Stealing: The case of the missing laptop

Stealing is largely considered serious misconduct and therefore grounds for summary (instant) dismissal.

However, the case law has been quite clear in the past, that evidence or at least some factual basis is required to terminate the employment of an employee on the basis of theft. What may be obvious to an employer may not be so clear cut for the Fair Work Commission (Commission).

In the decision of Peter Mulhall v Direct Freight Pty Ltd t/a Direct Freight Express [2016] FWC 58 (Mulhall Case) the spotlight was turned on the evidence provided by the employer to evidence that a laptop had been stolen. The Commission confirmed that there is a requirement for “clear or cogent evidence” to prove theft which can then lead to grounds for summary dismissal.

In the Mulhall Case, a driver was alleged to have stolen a computer bound for Harvey Norman, the employer based this decision on the following:

  • CCTV footage showing the employee loading other boxes on top of the computer which he did not scan;
  • Acting suspiciously while loading the packages including the computer onto his truck;
  • The computer never actually making the designated destination (and still missing).

Two main issues cost the employer $25,468.13 in compensation:

CCTV Footage

The CCTV footage was “flimsy” and unfortunately did not categorically show the following:

  • That the employee was actually stealing the computer;
  • The dimensions of the box purportedly stolen were different to the one shown in the footage;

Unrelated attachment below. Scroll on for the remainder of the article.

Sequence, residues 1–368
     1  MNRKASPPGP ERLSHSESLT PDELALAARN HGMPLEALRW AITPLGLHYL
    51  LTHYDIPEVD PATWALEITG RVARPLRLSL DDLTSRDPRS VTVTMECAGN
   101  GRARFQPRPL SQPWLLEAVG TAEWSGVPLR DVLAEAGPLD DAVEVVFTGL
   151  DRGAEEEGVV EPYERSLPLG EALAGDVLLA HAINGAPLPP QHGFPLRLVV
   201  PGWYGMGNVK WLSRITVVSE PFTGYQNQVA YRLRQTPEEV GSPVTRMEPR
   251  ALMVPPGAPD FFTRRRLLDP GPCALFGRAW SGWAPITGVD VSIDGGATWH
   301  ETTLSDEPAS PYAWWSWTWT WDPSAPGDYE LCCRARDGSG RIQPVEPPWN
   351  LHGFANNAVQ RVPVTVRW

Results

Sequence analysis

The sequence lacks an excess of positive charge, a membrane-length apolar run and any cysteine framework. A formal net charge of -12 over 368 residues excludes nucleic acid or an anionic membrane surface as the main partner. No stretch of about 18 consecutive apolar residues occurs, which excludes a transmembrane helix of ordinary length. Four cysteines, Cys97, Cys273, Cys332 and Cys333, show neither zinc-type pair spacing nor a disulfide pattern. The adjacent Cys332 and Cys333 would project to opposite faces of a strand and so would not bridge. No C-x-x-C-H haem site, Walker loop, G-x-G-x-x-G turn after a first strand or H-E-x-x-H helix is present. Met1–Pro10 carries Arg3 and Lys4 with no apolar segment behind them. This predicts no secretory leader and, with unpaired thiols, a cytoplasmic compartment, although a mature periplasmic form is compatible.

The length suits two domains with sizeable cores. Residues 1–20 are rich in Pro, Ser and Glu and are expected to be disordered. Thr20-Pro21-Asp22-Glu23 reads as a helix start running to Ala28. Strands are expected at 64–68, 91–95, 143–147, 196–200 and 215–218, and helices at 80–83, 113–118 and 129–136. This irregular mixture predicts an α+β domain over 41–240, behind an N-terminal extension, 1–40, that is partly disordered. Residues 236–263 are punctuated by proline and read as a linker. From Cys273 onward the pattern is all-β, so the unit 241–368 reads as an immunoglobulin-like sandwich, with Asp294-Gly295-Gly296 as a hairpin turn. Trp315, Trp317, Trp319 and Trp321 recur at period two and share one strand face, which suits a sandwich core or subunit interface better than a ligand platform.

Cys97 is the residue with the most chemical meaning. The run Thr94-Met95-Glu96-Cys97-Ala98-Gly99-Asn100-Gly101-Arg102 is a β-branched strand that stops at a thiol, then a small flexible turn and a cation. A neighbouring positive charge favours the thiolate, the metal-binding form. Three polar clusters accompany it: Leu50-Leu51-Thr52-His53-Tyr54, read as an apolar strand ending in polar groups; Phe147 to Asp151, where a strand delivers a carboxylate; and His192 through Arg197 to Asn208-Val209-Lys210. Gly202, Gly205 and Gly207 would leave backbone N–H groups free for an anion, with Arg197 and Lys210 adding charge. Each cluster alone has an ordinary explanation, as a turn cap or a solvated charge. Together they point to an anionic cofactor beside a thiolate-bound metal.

• The suspicious behaviour shown in the footage was speculative.

The Commission found that the footage relied upon to terminate the employee’s employment was frankly unreliable.

Footage not shown to employee

The employee was not given an opportunity to view the footage and respond to the footage. As such, not surprisingly the claim of theft was consistently denied by the employee. Without viewing the footage and actually being given a reasonable opportunity to respond to the evidence supporting the allegation, the Commission had a firm view that the principles of natural justice and procedural fairness were not applied. Breaches of these principles are usually fatal to an unfair dismissal defence.

Simple tips:

  • Do not rush into a decision to terminate the employee’s employment, in some instances a thorough investigation should be conducted (an employee could even be stood down during this process) for others giving an employee an opportunity to respond to the allegations should be best practice;
  • Consider the evidence at hand and make a decision based on balance, it is important to view them through independent eyes – independent advice should be sought.

For further information please contact Jonathan Mamaril, Principal on 07 3876 5111 or email [email protected] or our website

Written by:
Jonathan Mamaril
Principal & Director, NB Lawyers – the Lawyers for Employers
07 3876 5111
[email protected]